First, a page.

Recognizing Nursing Home Abuse in Older Adults with Dementia

Anyone with an elderly loved one in a San Bernardino nursing home or any long-term care facility in Southern California should be aware of elder abuse and neglect risks and should be able to recognize concerning signs in order to take action. Yet, being able to recognize potential signs of abuse becomes significantly more important when you have an elderly loved one with dementia in a nursing home. As the Centers for Disease Control and Prevention (CDC) explains, the term “dementia” does not refer to a specific, diagnosed disease, “but rather is a general term for the impaired ability to remember, think, or make decisions that interfere with doing everyday activities.” What do you need to know about recognizing nursing home abuse if you have an elderly parent or loved one with dementia? Our San Bernardino nursing home abuse attorneys can tell you more.

Understanding Dementia

In order to understand specific signs or symptoms of elder abuse in nursing home residents with dementia, it is essential to understand how older adults are affected by dementia and what it involves. The CDC explains that about five million people over the age of 65 had dementia in 2014, and that number has risen over the last decade. To be sure, as the aging population increases, the number of dementia patients is expected to surge and to nearly triple by the year 2060.

Alzheimer’s disease is one type of dementia, but it is not the only type of dementia. While the CDC reports that it does account for about 60 percent to 80 percent of all dementia cases, other types of dementia include vascular dementia, Lewy body dementia, frontal-temporal dementia, and mixed dementia (Alzheimer’s disease in addition to another form of dementia). Older adults with dementia tend to have problems with memory, attention, communication, reasoning, judgment, problem-solving, and visual perception, according to the CDC. As dementia progresses, these problems tend to worsen.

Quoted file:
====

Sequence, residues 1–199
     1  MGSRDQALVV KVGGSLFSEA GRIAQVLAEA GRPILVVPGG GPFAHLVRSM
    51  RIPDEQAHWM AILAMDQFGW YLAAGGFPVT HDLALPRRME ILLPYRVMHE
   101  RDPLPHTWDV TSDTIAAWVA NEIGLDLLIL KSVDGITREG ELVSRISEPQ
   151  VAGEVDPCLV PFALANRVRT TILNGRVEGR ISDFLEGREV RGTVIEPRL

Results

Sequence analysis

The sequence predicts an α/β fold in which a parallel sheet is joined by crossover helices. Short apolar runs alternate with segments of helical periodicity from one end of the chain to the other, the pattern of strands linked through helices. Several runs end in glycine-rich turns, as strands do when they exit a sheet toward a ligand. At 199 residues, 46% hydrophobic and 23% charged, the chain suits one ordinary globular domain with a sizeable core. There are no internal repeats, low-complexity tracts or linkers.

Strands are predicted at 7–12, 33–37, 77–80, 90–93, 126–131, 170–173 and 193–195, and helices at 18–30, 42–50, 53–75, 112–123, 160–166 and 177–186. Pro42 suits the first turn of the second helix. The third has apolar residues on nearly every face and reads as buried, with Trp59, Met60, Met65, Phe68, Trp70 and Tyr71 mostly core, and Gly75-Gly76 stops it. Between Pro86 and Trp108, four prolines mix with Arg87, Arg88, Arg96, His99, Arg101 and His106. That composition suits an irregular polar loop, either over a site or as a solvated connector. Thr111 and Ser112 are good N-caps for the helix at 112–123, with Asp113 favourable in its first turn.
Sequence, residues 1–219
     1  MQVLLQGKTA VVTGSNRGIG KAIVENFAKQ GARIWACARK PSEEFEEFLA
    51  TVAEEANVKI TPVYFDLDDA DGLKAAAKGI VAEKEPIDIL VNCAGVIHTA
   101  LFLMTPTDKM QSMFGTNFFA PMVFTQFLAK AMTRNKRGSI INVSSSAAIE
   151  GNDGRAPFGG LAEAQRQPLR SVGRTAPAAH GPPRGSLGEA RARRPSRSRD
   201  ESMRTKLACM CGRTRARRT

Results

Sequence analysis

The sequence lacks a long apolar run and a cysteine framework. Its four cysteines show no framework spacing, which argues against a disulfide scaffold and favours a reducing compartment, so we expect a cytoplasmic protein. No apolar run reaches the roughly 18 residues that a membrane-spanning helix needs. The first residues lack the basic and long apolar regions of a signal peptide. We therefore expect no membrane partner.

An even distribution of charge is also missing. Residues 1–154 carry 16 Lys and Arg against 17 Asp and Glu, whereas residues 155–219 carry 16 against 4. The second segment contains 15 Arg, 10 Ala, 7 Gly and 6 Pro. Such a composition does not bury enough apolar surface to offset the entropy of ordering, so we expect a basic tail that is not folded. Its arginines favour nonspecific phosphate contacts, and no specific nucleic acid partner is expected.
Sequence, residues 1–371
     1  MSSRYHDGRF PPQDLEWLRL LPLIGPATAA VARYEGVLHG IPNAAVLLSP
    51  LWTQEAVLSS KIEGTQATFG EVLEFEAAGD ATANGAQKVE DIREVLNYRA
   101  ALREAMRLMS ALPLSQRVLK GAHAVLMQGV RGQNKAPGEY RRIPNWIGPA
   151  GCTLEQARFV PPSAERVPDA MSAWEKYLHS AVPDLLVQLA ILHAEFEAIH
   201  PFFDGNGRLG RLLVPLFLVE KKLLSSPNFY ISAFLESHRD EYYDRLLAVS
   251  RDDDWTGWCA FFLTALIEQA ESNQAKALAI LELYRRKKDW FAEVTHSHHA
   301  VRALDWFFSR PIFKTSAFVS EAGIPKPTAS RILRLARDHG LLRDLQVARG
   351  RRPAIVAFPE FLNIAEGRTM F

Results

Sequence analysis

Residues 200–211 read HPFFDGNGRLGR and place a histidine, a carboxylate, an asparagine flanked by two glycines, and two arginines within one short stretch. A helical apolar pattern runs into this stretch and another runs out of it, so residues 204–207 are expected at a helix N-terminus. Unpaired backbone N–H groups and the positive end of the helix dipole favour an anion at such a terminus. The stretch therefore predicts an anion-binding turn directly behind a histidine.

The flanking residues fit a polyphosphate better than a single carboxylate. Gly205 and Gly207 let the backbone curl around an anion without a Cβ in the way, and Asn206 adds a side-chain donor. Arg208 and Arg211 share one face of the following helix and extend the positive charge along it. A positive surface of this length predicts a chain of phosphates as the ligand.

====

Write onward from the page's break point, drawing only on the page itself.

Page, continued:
Recognizing Signs of Nursing Home Abuse When a Resident Has Dementia

Older adults in nursing homes who have a form of dementia can experience the same types of elder abuse as any other residents, including physical abuse, emotional abuse, sexual abuse, passive neglect, willful deprivation, and confinement. However, given that nursing home residents with dementia have impaired cognitive abilities, they may be more likely to experience abuse or neglect in addition to being less able to report it.

According to the Alzheimer’s Association, nursing home residents who have dementia “are especially vulnerable because the disease may prevent them from reporting the abuse or recognizing it.” As such, it is especially important for family members and friends to look for signs of abuse or neglect, which can include but are not limited to:

  • Bruises, cuts, burns, and other signs of physical abuse;
  • Restraint marks;
  • Unexplained broken bones or injuries;
  • Unexplained sexually transmitted infections, torn or bloodied underwear, and other potential signs of sexual abuse;
  • Depression, anxiety, or other changes in behavior that are unexplained;
  • Bed sores; and/or
  • Tense, fearful, or troubled interactions with nursing home staff members.

Contact a San Bernardino County Nursing Home Abuse Attorney

Anyone with concerns about an elderly loved one’s safety in a nursing home — especially if there are issues of cognitive impairment or dementia — should seek help from a San Bernardino nursing home abuse lawyer as soon as possible. Contact the Walton Law Firm for assistance.


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